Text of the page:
Are American Political Campaigns Too Expensive?

US-elections-money

Some people might argue that the way to get around the fact that wealthy people control political elections is to institute limits and caps on how much candidates can spend on their elections. It is possible that these measures could constitute part of the solution, but it is important to keep the costs of American political elections in perspective, since the cost might be exaggerated in some circles.

Many politicians make a big deal about government debt, for instance, talking about the horrors of national debt and all of the austere measures that are needed in order to combat these problems. However, it should be noted that national and public debt has always had a very minimal effect on the actual economy, even if it does have an effect on the country in its own right.

The more important factor when it comes to debt has always been private debt. People in too much private debt are not going to spend money on the goods and services that will actually cause the economy to expand. This situation encourages wealthy people to hoard away their money for the sake of a rainy day, and it causes poor people to suffer even more in their pursuit of basic necessities. The Great Depression, the Great Recession, and the bad economies that followed both the American Civil War and the final days of the Cold War are all united in the fact that private debt was on the rise. Public debt always had a negligible effect on what was going on at the time.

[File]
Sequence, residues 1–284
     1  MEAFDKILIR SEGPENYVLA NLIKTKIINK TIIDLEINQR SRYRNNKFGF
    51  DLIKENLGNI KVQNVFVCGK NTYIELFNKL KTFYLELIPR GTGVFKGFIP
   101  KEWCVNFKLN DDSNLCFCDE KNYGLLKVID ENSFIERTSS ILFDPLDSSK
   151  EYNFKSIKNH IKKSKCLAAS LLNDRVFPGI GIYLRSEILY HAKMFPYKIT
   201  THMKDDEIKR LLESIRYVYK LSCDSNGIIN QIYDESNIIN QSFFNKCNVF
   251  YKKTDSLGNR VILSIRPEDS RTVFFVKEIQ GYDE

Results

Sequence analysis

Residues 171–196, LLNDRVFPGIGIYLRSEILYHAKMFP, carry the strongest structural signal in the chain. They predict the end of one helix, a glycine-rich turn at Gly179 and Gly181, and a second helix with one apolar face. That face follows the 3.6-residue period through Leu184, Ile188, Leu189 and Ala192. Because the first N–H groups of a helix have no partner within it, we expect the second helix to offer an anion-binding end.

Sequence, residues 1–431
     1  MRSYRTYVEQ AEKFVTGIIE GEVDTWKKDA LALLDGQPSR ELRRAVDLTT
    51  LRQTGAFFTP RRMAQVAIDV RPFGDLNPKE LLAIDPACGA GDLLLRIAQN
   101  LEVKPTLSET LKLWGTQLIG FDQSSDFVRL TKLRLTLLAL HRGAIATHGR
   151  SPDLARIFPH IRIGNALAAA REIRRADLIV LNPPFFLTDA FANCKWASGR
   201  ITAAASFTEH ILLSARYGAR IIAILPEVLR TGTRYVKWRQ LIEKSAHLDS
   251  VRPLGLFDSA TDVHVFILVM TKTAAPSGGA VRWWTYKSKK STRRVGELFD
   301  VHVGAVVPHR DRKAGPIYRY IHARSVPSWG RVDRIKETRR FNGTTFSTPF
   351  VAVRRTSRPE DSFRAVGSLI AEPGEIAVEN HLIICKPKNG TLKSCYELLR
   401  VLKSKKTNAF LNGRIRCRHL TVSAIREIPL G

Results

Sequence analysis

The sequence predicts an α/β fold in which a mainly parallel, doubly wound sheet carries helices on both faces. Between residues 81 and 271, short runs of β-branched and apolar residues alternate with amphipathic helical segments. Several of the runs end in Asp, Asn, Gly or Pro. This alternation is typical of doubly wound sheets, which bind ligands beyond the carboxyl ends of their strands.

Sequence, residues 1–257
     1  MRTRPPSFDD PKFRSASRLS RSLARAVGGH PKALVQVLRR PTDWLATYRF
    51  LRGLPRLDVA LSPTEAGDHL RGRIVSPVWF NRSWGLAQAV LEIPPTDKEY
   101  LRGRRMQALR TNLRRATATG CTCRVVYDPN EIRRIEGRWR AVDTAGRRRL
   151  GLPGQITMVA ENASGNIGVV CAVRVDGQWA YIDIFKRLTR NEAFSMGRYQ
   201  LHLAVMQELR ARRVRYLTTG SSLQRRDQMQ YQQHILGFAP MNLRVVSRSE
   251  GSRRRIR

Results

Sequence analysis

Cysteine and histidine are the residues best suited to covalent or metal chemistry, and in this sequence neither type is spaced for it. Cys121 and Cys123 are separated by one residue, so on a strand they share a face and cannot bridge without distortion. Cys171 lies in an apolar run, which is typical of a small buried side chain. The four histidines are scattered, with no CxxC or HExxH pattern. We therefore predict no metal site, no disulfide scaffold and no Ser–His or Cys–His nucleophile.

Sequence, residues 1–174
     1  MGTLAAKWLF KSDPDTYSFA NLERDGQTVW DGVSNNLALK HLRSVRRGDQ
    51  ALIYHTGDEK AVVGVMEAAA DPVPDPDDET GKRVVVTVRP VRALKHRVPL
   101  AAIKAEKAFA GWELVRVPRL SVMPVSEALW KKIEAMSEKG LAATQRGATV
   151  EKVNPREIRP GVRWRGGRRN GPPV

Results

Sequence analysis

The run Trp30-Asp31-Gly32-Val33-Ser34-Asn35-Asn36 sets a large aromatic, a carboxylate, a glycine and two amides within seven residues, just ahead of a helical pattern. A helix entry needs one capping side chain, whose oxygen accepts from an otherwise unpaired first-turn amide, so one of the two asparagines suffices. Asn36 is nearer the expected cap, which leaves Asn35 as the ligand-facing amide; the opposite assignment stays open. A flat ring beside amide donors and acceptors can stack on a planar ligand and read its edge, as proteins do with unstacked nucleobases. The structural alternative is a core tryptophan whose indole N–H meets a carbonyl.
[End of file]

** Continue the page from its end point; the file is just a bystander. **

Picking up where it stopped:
The situation with campaign finance reform is not directly comparable to the situation involving public and private debt, of course, but the parallel exists in terms of the way in which these issues tend to get framed in American political discourse. Liberals and conservatives alike will all talk about the horrors of public debt, and they will usually start debating about the best ways in which to remedy the situation. The idea that they should be focusing on private debt instead tends to get lost in the discussions that devolve into the eternal debate over raising taxes or supporting big business. Both parties are united in denouncing expensive political campaigns in a way that is unlikely to achieve real results, but they do not always have coherent or accurate thoughts on the subject.